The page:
Affiliations

The Beatrice M. Haggerty Gallery maintains institutional memberships in the Association of Academic Museums and Galleries and in the Dallas Art Dealers Association (DADA).

 

Submissions

BEATRICE M. HAGGERTY GALLERY

The Haggerty Gallery is an integral component of the University of Dallas Art Department and it's exhibitions are designed to encourage a dialog between the University of Dallas and the broader artistic community by inviting an array of contemporary artists, both the national and international, to the university's campus. Exhibition proposals are reviewed by a committee of University of Dallas scholars and the greater Dallas area community.

University of Dallas Haggerty Gallery welcomes submissions and proposals from artists and independent curators.

Please observe the following guidelines:

  1. Work Examples -NO MORE THAN 15 digital images of work on a CD ordered in viewing priority. Image files must be in jpeg (.JPG) or PDF format. Please use only alpha-numeric characters (abc,123...), dashes (-) and underscores (_) in the files names of digital materials. All images on disc should be clearly titled with medium and sizes.
  2. Please provide a corresponding list of images saved as a text file (.txt), PDF or Microsoft Word document (.doc) ONLY.
  3. Resume(s)/CV saved as a text file (.txt), PDF or Microsoft Word document (.doc) including name and contact information.
  4. Include statement about work, title, concept and description of exhibition.
  5. Submitted materials cannot be returned.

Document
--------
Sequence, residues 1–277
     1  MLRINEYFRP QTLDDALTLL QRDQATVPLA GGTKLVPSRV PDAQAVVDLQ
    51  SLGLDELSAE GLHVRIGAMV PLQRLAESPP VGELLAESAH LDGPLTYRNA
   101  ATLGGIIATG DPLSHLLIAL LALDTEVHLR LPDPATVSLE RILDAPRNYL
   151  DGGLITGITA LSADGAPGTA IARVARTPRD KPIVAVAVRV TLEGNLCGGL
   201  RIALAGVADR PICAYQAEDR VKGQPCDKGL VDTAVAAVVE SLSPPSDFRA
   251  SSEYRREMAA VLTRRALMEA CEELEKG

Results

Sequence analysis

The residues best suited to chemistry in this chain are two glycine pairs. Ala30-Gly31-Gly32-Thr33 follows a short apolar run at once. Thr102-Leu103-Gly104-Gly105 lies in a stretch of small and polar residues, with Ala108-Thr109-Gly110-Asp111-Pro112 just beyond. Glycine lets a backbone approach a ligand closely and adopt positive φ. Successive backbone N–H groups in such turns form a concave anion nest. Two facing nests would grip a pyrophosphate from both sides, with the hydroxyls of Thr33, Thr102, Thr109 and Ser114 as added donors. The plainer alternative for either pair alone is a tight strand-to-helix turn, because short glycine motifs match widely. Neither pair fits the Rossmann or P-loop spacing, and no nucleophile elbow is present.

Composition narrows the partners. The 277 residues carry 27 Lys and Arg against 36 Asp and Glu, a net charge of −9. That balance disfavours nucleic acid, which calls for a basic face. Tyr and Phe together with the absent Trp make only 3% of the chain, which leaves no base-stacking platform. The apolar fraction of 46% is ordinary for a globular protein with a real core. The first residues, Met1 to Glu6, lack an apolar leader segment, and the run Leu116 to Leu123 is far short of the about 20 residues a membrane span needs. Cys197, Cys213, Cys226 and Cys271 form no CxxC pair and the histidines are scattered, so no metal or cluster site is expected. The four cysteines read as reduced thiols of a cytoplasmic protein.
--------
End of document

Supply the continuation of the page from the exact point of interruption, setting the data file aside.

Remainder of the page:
6. Do not include original art work with packet.
  7. Please do not send email submissions. These will be deleted.

Gallery address: 

University of Dallas
Haggerty Gallery
Gallery Coordinator
1845 E. Northgate Dr.
Irving, TX 75062

 

Past Exhibitions

Marc Chagall:  Intersecting TraditionsIMAGE: Marc Chagall; Jacob’s Ladder, 1957

February 4, 2016 – April 22, 2016

Opening Reception
February 4, 6:30-8:30 p.m.

Times:
Thursday, Feb. 4, 2016 at 10 a.m. -
Friday, April 22, 2016 at 5 p.m. (CST)
Spring Break: March 7-10 (By Appointment)
Closed Easter: March 25-28
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Where
Beatrice M. Haggerty Gallery - 1845 E. Northgate Drive Irving, TX 75062
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Free General Admission

Featuring over 50 original works, Marc Chagall: Intersecting Traditions is a series of hand water colored etchings depicting scenes from the Old Testament. As a modern, Jewish artist, Chagall developed a unique visual vocabulary that synthesized elements from diverse cultural and artistic traditions. Because he approached the Old Testament narratives as a set of stories and recurring themes to be broadly interpreted, Marc Chagall was able to produce a deeply human and personal body of work that remains relevant today.

Beatrice and Patrick Haggerty gifted the complete portfolio of prints to the Haggerty Museum at Marquette University, Mr. Haggerty’s alma mater, in 1980. We are grateful to their son Patrick Haggerty and the Haggerty Family Foundation for the generous support in making this exhibition possible.